A few months ago, I spoke with a diabetic and obese man, just over 50 years old. He voiced his displeasure with both the health and weight problems. He saw a news piece about resveratrol, a substance found in grapes that is believed to aid weight loss and lower blood sugar. He was interested in taking resveratrol pills although not confident and wanted my opinion. I recommended starting a low carb diet, a method that has been shown to reduce blood sugar and body fat through several studies (like here, for example). I also recommended strength training, even just once a week for 20 minutes, as it would improve insulin sensitivity and physical appearance. We finished up by getting the information of a low carb doctor in his area who could supervise the diet and alter medications as needed.
The result: he went with resveratrol and no diet or strength training. Recently, he stopped taking the pills due to lack of any progress. Unfortunately, the man is a microcosm for the mindset of most people. Most people are generally unwilling to try something that is new, not in their comfort zones, and something that may take more effort, especially when there is a pill that promises to hide the symptoms without any changes to lifestyle. Symptoms and the cause of the disease, however, are not the same. Treating symptoms is just a simple way to mask the condition and put off the problem. It's no different than avoiding the room in your house that needs to be painted, instead of just painting the room and eliminating that stress altogether. In addition, as someone once told me:
- People are not obese due to a deficiency of a weight loss pill.
- People are not diabetic due to a deficiency of a blood sugar pill.
(Feel free to plug in your own disease and related medication in the previous phrases).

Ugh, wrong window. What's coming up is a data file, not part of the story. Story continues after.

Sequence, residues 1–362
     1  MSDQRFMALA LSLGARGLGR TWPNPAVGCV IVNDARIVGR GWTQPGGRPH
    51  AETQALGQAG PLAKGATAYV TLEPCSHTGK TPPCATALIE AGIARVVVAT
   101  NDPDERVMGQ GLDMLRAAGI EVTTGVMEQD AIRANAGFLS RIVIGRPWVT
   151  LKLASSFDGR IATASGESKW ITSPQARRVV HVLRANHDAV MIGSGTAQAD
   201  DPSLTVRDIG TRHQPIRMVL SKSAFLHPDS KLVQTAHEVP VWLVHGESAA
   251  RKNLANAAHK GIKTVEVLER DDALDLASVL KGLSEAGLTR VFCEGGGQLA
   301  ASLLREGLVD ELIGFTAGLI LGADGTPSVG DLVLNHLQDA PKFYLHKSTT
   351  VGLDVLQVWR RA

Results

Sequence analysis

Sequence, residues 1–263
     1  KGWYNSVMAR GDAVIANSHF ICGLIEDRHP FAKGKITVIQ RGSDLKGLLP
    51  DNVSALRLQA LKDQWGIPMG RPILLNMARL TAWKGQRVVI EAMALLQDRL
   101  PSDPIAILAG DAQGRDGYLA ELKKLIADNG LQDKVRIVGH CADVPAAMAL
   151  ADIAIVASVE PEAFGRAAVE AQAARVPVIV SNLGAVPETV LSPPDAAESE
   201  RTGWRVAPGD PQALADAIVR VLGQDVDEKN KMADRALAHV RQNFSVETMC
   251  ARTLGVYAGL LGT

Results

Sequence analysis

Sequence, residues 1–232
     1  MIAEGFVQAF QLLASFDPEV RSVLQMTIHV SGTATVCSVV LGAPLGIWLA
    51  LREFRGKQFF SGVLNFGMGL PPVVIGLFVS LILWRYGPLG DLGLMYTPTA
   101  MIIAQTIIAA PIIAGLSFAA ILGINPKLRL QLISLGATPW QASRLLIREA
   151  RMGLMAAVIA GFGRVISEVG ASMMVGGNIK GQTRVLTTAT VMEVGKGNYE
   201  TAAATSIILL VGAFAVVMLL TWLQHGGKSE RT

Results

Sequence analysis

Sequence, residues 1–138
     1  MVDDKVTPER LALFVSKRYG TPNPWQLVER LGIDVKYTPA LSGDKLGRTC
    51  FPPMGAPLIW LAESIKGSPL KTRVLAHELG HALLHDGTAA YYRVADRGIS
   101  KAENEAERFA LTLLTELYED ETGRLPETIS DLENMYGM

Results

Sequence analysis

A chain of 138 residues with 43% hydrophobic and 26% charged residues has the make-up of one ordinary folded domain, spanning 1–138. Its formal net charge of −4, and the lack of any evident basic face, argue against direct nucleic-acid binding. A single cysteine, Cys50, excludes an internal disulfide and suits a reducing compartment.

Other examples of masking symptoms are going for massages and taking up meditation for stress management when a change to your commute or work hours would eliminate the stress altogether. Now, sometimes these sources are temporary and necessary (i.e. moving, changing jobs), but when it comes to health, why not just attack the source?
The following video was recently posted on Tom Naughton's blog. It's a hilarious satire on the magic pill-over-diet-and-exercise world that we live in. Enjoy:
Sometimes I wonder if a low carb diet is also a case of treating the symptoms since it's more about avoiding high blood sugar than improving the body's ability to handle high blood sugar. The fact that strength training undoubtadly does the latter by improving insulin sensitivity makes me apprechiate it greatly.
I completely agree with your point. Treating the cause if possible will always be superior to just masking the symptoms.
Hillarious video! Thanks for my first morning laugh.
The individual symptoms/diseases of metabolic syndrome are all related to elevated insulin levels. Reducing carbohydrate intake is an effective way to reduce insulin levels, and therefore, it's an effective approach to preventing long term disease. Now, my understanding of type II diabetes, from talking to diabetics who brought their blood sugar levels back to "normal" levels through low carb dieting, is that they still remain sensitive to carbohydrate intake, they just learn to live without carbs in their regular diets...which kind of speaks to your point. Is there a way to create improved tolerance of high blood sugar? I have no idea (although I wouldn't be the first person to know). Have you heard of a way?
However, I would say that treating high blood sugar with a low carb diet is different than the person who works a stressful job and goes to yoga after work to destress. The person's stress level goes up and down every day, whereas the diabetic who eats a low carb diet can live perpetually with healthy fasting glucose levels.
Sean, when I wrote "handle high blood sugar" I didn't mean tolerate it, but rather regulate it as it happens in healthy individuals. As far as I know, the way to improve the regulation is increasing insulin sensitivity, but I don't know if the improvements are significant or at what speed they can be brought on. I am definitely not knocking down low carb as an efficient way to control type II diabetes. I am not a diabetic, but I know from my own experience that a low carb diet gives quick and significant results in lowering blood sugar levels. Its just that it does it by avoiding the problem and not really solving it. Then again, if there isn't a good way to solve the problem, avoiding it is not a bad alternative. In the end, I think your suggestion to both eat low carb and strength train is excellent as it's a way to avoid the problem while working on solving it. Beats taking pills, that's for sure.
As to making temporary improvements vs. permanent ones, you've got a point there.
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